Cuban singer Olga Guillot, known as “the queen of bolero”, died Monday in Miami Beach of a heart attack at age 87, according to published reports.

Known for her emotional treatment of the Cuban romantic ballad, accompanied by exaggerated and often sensual gestures, Guillot was a 20-year-old in bobby socks when, in 1944, she recorded a Spanish version of “Stormy Weather” for Havana’s Panart label. At the time, she was a member of the vocal quartet Cuarteto Siboney. But the Spanish version of the song made famous by Lena Horne was a hit, launching Guillot’s solo career in Latin America and beyond. Fourteen of her albums were certified gold and ten were silver. She performed with other leading Latin American artists of her day, and in 1964, she became the first Latin American artist to appear solo at Carnegie Hall.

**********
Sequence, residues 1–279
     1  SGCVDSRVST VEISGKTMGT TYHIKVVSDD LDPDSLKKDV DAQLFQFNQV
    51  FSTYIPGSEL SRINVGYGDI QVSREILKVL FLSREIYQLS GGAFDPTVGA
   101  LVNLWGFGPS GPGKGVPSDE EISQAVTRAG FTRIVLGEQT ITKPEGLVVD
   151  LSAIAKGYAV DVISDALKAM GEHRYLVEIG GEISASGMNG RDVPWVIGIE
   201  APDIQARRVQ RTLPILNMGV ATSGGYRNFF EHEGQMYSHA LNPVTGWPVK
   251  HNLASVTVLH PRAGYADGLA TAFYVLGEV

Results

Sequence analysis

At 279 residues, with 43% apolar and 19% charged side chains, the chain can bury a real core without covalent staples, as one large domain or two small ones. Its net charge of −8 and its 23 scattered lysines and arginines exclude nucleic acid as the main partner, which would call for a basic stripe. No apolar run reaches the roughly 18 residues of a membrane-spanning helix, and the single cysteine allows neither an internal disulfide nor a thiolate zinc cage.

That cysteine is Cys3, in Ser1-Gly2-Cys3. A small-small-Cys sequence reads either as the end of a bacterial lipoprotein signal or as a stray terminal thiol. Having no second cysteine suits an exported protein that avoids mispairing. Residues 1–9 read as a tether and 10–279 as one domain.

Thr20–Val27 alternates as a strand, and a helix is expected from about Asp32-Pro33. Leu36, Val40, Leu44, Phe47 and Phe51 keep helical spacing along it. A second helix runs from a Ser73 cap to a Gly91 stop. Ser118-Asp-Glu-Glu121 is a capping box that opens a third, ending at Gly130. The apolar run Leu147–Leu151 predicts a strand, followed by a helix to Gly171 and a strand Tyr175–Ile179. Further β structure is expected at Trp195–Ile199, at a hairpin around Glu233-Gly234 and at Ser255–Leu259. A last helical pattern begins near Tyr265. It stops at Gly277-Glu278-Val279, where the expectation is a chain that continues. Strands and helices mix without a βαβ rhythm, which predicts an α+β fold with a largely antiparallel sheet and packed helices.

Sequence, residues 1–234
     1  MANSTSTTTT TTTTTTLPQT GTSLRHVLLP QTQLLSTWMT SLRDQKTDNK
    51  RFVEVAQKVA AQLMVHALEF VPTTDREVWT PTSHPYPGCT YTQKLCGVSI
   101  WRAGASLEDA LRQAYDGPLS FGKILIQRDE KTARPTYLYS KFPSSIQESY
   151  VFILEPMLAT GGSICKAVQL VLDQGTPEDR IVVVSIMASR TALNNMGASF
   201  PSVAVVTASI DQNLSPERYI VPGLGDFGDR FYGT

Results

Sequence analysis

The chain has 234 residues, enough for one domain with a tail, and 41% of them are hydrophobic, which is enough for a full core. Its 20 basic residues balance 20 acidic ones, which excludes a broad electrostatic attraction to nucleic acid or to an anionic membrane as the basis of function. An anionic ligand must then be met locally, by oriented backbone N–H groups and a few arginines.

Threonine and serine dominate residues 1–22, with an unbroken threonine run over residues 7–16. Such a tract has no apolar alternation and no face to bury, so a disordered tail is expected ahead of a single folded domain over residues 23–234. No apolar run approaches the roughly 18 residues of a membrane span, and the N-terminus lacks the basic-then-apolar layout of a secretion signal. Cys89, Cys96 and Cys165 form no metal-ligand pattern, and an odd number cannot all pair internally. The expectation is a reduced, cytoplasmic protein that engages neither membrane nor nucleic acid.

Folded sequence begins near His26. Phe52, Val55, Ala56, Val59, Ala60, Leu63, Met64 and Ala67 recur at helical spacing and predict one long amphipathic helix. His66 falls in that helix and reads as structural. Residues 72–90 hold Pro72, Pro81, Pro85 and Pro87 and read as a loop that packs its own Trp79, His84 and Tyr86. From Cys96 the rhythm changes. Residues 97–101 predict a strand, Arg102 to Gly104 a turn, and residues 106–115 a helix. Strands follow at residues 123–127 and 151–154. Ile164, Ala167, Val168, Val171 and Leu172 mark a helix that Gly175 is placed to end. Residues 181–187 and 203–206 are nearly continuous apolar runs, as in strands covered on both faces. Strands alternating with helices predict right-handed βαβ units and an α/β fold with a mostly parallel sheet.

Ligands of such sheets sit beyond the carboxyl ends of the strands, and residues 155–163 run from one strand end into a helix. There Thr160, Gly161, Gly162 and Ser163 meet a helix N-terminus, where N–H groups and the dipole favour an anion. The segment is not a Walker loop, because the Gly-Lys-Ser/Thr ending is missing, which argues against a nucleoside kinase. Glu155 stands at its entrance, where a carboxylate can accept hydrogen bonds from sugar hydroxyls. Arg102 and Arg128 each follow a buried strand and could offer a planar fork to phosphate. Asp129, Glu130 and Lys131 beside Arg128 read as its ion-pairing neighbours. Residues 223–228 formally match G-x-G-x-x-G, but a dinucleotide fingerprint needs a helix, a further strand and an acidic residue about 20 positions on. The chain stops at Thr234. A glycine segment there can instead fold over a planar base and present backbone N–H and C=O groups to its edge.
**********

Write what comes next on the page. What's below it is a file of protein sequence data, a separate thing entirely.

Some of Guillot’s best known songs are “Mienteme”, “Sabor a mi”, and “Tu me acostumbraste”.

Guillot left Cuba for Venezuela after Fidel Castro came to power. She settled in Miami, where, despite her star status, she maintained a low profile for decades. The city of Miami renamed five blocks of Calle Ocho, a strip in the center of the city’s primary Cuban exile neighborhood, Olga Guillot Way.

In 2007, she received a Lifetime Achievement Award from the Latin Recording Academy.

"I am very visceral, very emotional, very temperamental, that is what Olga Guillot is and what makes me feel that I vibrate with what I do,” she told the Associated Press on that occasion. “I live in love with what I do and every day I thank God because he gave me a voice that so that I could be happy and make other people happy.”